What do retirement planners and fortune tellers have in common? One takes advantage of naïve or desperate clients and the other pretends not to.
Truth is, the most sophisticated retirement calculations, algorithms, simulations, scenario plans, even crystal balls cannot determine the most important parameter: actual longevity. And it’s not only how long will you live that matters. But for how long will you be healthy enough to do things, like travel, play, make things, walk or whatever you plan to do with your extra time and resources.
Aging is inevitable, but it is unpredictable, too. You can plan, but you can’t hide. Something may catch you off guard and make all the financial planning irrelevant. Money doesn’t guarantee good health, it doesn’t protect against accidents and it can’t buy happiness.
More than 40 percent of households will run short of income they’ve set aside for retirement, according to the Employee Benefit Research Institute. An even greater percentage will likely run out of time before they complete their leisure years’ checklist. Neither financial planners nor fortune tellers can assure you of much, least of all a certain future of more security than regrets.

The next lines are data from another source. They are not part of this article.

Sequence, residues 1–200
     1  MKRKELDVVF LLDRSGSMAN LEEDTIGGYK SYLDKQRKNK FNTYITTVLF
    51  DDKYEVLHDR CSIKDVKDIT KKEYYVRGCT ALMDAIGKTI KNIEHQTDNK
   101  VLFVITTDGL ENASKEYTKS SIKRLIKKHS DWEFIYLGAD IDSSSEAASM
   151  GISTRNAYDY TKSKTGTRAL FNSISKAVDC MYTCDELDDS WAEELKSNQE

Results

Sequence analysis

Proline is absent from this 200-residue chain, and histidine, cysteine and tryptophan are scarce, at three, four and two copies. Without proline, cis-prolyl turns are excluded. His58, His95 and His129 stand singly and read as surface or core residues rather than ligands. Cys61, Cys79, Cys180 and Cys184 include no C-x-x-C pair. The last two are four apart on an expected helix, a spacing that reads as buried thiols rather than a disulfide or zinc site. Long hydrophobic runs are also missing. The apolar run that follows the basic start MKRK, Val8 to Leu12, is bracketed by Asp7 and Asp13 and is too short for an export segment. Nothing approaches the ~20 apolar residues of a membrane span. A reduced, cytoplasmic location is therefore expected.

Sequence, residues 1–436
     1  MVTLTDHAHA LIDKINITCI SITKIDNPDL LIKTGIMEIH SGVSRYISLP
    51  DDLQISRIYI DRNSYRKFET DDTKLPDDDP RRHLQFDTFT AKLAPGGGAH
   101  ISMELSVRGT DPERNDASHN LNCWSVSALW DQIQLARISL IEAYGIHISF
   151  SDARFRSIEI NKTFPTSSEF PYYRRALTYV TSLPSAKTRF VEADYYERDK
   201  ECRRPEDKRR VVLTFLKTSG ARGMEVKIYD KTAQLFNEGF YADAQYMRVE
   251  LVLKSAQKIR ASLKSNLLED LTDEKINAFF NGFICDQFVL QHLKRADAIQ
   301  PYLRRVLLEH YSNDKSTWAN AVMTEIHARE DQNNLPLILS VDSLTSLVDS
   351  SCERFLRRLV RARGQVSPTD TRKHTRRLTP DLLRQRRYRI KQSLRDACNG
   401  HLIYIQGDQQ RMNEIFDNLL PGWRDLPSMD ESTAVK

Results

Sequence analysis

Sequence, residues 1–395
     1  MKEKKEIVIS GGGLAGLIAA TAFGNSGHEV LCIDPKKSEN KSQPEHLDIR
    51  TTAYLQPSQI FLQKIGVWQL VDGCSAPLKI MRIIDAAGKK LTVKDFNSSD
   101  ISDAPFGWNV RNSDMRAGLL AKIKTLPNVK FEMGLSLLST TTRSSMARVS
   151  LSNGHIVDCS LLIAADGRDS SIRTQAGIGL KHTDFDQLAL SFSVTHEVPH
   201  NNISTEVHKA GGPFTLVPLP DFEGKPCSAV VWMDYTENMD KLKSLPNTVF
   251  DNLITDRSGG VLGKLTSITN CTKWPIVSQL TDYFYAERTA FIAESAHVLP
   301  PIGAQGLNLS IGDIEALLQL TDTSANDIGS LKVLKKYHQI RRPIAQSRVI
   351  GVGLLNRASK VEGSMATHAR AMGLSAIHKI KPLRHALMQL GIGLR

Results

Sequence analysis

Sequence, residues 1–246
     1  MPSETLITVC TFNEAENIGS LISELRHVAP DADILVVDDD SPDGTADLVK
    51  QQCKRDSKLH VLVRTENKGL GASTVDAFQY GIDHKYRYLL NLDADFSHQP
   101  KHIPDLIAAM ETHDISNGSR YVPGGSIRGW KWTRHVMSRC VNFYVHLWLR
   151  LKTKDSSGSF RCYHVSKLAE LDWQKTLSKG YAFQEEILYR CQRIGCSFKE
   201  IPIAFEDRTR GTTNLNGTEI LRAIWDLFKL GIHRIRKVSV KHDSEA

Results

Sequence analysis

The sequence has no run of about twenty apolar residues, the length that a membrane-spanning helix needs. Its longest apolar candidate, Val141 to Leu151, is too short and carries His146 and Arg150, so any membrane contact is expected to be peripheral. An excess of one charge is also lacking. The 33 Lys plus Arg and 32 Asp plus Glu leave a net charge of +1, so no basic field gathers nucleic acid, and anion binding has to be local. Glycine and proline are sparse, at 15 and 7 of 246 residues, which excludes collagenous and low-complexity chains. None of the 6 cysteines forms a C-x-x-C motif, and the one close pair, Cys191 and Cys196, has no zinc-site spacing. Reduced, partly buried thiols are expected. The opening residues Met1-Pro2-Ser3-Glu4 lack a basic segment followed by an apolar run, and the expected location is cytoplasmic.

So, what will the future bring? A new socio-economic construct seems inevitable — to keep pace with the longevity revolution. After all, it is counterintuitive to postpone and backload our so-called leisure years rather than space them throughout our lives to maximize our prime physical and mental utility.
Also, expect a new breed of expert, the longevity planner. These multi-disciplined counselors will be trained in finance as well as healthcare, insurance, encore career counseling, aging services, travel and leisure, stress management, psycho and demographics, and more.
Love the fortune teller introduction.